In line with many other commodities, including precious metals, silver, often described as poor man’s gold, has shed some gains from a 30-year high at $30 an ounce in December to trade now at a little less than $29.40 an ounce. Such correction is in order as the November US unemployment rate fell to 9.8 per cent, this year’s GDP growth forecast for the world’s largest economy is three per cent and the dollar rally is finally on.
The past year saw some spectacular rallies in silver with prices rising 80 per cent on perception of it being a store of value, continuing shrinkage of above-ground refined silver and demand staying ahead of supply. The fact that for the past two decades, demand for silver was more than mining supply, the above-ground silver float had hit historical low of less than one billion ounces. In response to tightening supply situation, the world has seen drawing down of stocks held on government and private accounts. Though, not in any significant quantities, physical shortages and good prices off late are also leading to silver recycling. There will be more of recycled silver if prices rise as the year advances.
An umbilical kind of relationship in terms of prices exists between silver and gold. Both the precious metals have gone through some corrections as the New Year dawned. Gold over the last two years and silver in 2010 saw impressive price appreciation and therefore, irrespective of their fundamentals are likely to experience occasional dips. At their respective prices, silver at this point on a historical basis is grossly undervalued vis-a-vis gold. This is in spite of silver outperforming the yellow metal by a very high margin last year. Most precious metal experts have forecast that silver once again this year will gain more, principally on safe haven demand than gold. At the same time, if gold gets a boost for reasons such as concerns about Portugal’s sovereign debt and UN world food prices index climbing to a record level in December, then silver also stands to gain, very likely more than its illustrious partner in the precious metals basket.
Silver’s demand is both for its store of value and industrial applications now also embracing new generation products like flat screen panels, iPad, solar panels. No doubt, industrial demand for silver took a hit as raw film-based photography made way for digital kind. But many new applications, including use of antimicrobial and antibacterial properties of silver in the medical space are compensating for the lost ground in photography. Silver is no longer a metal used for making jewellery for the masses only. It is now seen as an ideal material for making jewellery for high fashion women too. Moreover, silver jewellery made in our country is coming for growing appreciation in the world market. However, the mainstay of silver demand is its application in a wide range of industries.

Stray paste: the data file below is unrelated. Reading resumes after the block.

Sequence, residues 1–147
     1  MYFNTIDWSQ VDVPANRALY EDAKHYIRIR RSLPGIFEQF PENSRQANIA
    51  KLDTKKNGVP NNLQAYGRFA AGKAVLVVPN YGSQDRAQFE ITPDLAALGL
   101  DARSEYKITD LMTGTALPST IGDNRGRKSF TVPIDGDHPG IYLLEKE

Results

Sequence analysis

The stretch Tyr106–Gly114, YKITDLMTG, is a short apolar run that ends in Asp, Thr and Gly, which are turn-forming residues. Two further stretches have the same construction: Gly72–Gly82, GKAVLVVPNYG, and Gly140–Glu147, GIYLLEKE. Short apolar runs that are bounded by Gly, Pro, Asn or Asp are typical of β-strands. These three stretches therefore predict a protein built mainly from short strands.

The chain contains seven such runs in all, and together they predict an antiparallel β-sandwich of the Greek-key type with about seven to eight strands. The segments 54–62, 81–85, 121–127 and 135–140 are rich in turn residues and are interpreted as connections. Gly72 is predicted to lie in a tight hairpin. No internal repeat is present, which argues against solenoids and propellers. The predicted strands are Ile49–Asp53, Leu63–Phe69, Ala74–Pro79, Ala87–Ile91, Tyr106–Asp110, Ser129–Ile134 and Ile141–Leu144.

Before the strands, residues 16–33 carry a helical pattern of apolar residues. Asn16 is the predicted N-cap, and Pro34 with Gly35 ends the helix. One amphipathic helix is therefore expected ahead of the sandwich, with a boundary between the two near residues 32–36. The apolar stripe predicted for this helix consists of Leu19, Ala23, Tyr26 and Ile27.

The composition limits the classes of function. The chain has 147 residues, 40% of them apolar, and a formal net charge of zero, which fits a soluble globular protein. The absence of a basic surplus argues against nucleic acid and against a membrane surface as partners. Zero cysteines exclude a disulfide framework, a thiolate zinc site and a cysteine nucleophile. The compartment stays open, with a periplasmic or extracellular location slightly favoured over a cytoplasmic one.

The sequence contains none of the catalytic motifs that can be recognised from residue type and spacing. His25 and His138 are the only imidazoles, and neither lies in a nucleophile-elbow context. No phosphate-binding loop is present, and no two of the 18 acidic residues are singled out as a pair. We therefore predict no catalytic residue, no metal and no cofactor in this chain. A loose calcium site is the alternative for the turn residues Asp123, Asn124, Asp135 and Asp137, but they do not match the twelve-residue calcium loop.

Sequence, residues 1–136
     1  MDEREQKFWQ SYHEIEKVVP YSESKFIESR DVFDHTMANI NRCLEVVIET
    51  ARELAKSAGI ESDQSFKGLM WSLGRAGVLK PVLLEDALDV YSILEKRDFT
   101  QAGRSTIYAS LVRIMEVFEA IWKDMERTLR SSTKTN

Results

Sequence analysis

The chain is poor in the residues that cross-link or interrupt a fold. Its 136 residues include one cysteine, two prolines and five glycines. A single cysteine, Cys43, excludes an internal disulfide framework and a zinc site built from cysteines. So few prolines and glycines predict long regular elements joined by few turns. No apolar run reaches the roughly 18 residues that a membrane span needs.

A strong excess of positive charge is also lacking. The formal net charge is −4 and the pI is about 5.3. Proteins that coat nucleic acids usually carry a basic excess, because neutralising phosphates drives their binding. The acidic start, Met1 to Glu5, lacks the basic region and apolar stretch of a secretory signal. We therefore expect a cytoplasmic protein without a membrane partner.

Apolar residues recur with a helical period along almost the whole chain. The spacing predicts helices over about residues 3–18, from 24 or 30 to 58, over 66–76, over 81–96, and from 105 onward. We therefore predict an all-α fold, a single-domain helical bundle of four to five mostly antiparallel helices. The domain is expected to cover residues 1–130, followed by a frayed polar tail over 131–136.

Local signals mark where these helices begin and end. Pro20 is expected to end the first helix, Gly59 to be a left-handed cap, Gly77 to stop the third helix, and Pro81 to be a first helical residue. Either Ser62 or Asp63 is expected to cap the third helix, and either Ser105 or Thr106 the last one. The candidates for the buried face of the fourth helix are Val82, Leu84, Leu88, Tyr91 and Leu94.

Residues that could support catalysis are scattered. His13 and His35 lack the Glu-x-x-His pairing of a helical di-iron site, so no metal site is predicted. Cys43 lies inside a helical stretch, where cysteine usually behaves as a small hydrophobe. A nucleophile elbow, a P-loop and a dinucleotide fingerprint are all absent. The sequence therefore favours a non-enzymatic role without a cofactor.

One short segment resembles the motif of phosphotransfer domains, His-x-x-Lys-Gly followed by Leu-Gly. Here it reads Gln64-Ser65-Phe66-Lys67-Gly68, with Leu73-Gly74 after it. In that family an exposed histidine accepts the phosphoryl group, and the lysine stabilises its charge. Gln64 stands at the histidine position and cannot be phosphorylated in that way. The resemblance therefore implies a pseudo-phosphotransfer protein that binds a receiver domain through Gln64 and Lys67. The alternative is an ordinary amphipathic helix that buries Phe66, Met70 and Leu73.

What is mostly going to help the cause of price of the metal is the existence of a limited number of pure silver mines with their reserves getting depleted over time. But for a long period, silver almost to the extent of 80 per cent is derived as a by-product of base metals like copper, zinc and nickel. Supply of silver as a derived product got squeezed since the second half of 2008 with the world lapsing into a scorching recession on the back of a systemic financial failure. Simultaneously, as there was loss of confidence in currencies with stimulus programmes running full steam in several countries led by the US, investors thought it wise to turn to gold and silver to protect their wealth.
To add to supply concern, China, the world’s third-largest producer of the metal after Peru and Mexico, effected major cuts in exports of this high value metal to take care of the domestic investment demand and industry requirements. According to an observer, the Chinese demand is coming from all areas, “including investment, jewellery and fabrication.” China is not short of millionaires with huge appetite for gold and silver. The country that exported 3,500 tonnes of silver in 2009 sold nearly 60 less in the world market in the first three quarters of last year. China is also taking considerable physical silver position. The country, now the world’s largest gold producer, caused a stir by importing 6.7 million ounces of the yellow metal in the first ten months of last year against imports of 1.6 million ounces in 2009. But China does not export gold.
With so much cash to spare, China is in an enviable position to splurge on precious metals like no other country. Experts say the bulging inventory will come to Beijing’s aid whenever it seeks a major world status for its currency. Where will you see silver prices at 2011 end? Bullion experts say the price will be in the range of $35 to $45 an ounce. Though silver will forever draw inspiration from gold, chances of the white metal outperforming the yellow metal once again this year remain a distinct possibility.